Dog rescue – at least in Greece, where the authorities are never fast enough and the neighbors keep their mouths shut – has one golden rule: FIRST you rescue and THEN you post about it.
Of course, a post in all capital letters, screaming SOS in the headline about a stray/neglected/abused dog who is in desperate need for help NOW makes the post go viral, the page gather likes and shares or your profile be swamped in friend requests by wannabe rescuers and animal lovers.
FIRST you rescue and THEN you post about it
And while that first eye witness posts about it acting all concerned and begging for “someone to do something” – because all he could do was post a f#@$^ photo and while other random people’s keyboard is on fire by PUBLICLY offering online advise, expressing concern an disgust and whatever, the abuser suddenly sees his rooftop/balcony/garden appearing everywhere on Facebook.
the abuser suddenly sees his rooftop/balcony/garden appearing everywhere on Facebook
And while we keep commenting and sharing and making the post go as viral as it gets, the abuser makes the animal “disappear”, cleans up after himself and the case is forgotten. This is what viral posts do for dogs – unless the animal is safe and sound, posting about it puts its life in more danger than it was before.
unless the animal is safe and sound, posting about it puts its life in more danger than it was before.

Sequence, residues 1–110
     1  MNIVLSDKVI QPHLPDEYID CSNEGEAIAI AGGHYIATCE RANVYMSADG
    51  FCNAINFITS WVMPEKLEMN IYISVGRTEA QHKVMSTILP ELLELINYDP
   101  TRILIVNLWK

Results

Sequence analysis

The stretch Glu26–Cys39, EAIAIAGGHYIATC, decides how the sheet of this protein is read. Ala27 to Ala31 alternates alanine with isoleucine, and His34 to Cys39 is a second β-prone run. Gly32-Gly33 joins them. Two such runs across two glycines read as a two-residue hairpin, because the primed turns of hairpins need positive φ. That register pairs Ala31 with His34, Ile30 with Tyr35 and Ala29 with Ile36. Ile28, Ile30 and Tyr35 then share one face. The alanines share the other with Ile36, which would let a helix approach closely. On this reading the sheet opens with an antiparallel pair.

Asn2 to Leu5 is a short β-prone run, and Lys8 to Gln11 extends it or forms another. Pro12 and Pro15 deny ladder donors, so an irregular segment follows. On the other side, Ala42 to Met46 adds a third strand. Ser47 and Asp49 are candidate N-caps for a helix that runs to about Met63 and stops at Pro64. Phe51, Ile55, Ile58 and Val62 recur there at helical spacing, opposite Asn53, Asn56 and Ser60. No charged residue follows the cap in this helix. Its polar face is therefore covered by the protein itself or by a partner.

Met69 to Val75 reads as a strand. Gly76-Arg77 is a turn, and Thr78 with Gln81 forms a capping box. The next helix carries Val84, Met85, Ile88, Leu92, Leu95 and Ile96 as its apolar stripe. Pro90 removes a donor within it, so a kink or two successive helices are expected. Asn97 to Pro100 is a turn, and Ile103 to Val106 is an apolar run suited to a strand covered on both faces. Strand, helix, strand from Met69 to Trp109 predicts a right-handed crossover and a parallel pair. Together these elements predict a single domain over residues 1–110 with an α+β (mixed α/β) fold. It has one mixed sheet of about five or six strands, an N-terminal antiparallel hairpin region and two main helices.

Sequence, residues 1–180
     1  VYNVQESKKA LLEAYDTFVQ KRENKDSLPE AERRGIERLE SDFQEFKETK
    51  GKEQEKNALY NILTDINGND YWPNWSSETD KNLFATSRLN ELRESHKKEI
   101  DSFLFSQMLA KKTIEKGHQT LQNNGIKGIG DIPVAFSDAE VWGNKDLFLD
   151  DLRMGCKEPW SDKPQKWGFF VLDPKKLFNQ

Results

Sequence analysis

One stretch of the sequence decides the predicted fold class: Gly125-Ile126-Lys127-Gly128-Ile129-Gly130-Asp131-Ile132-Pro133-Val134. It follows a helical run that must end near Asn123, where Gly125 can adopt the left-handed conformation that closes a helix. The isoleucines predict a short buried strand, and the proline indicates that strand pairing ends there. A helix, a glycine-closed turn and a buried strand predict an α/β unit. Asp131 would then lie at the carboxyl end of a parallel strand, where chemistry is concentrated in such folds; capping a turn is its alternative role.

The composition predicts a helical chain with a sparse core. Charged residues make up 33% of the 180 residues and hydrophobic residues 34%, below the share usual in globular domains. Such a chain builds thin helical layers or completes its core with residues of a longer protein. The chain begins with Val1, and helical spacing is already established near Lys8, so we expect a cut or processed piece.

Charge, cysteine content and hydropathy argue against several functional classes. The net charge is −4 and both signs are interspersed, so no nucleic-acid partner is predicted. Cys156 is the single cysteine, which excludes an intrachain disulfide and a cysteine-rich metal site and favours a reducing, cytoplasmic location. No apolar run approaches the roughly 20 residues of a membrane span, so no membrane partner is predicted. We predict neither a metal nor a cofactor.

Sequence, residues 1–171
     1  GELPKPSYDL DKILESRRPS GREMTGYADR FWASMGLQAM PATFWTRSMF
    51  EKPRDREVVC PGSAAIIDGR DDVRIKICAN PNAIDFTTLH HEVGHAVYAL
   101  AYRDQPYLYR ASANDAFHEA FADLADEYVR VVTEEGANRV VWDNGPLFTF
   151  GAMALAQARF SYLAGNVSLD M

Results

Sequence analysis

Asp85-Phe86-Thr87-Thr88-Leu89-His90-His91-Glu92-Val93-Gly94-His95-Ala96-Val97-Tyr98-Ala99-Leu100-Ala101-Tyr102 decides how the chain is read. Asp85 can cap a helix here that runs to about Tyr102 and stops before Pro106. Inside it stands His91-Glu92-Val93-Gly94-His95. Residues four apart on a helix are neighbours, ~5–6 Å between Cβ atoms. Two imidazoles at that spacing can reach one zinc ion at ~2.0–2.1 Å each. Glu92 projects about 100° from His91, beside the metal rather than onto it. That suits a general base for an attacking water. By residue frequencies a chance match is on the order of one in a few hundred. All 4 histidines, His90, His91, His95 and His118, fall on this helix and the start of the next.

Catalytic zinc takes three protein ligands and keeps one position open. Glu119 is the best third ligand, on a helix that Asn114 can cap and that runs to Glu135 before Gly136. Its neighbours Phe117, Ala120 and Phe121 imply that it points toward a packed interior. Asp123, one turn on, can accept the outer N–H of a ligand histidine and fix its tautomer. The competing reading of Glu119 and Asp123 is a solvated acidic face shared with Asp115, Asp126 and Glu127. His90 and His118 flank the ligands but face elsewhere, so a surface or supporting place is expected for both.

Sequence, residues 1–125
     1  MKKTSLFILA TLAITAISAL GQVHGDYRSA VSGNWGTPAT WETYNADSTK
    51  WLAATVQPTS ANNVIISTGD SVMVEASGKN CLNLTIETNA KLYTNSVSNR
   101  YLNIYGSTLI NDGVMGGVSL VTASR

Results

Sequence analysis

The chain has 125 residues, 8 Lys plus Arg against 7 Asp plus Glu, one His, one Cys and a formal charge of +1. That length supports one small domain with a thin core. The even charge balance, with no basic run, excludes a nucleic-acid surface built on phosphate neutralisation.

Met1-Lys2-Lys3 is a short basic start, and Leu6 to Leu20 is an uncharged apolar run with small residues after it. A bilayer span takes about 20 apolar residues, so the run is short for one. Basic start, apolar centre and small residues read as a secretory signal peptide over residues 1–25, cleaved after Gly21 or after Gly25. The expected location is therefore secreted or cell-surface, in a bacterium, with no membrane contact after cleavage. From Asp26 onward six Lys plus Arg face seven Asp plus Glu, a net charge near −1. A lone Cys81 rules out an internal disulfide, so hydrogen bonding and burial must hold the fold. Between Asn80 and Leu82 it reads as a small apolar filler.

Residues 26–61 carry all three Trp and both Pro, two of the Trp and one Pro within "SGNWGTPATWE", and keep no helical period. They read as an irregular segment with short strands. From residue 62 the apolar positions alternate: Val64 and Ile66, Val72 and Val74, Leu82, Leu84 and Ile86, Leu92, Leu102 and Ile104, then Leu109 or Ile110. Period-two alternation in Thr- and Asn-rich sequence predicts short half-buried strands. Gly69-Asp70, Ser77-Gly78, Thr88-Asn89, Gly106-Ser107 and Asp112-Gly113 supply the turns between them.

This is exactly what happened to this poor soul. Photos of him on the roof, emaciated and abandoned among his feces went viral before the police was notified, before a charity could take action, before we stopped for a minute and think: “What the hell am I posting this for? Is the owner not online? Are none of his friends ever online? Does he live in the outer space?”
It took ONE DAY for the dog to disappear and for the roof to be cleaned and tidied. Take a good look at him, because this is the last you will ever see of him. The neglect did not take place somewhere in a forgotten village in rural Greece. It happened in downtown Athens – and when I say downtown, I mean as downtown as it can possibly get.
It took ONE DAY for the dog to disappear and for the roof to be cleaned and tidied
Some advice: if you see a case of neglect or abuse, take you precious “wannabe” viral photos, call the police FIRST, make sure that the animal is placed somewhere safe and THEN post them online for the world to see. At least in a country like Greece, where there is absolutely no investigation whatsoever, no follow up, no nothing, and where the authorities have to be begged and threatened and ridiculed before they decide to do their job, exposing an abuse before ensuring the dog’s well being puts the animal at risk
– the risk of disappearing forever.
And we lived happily ever after.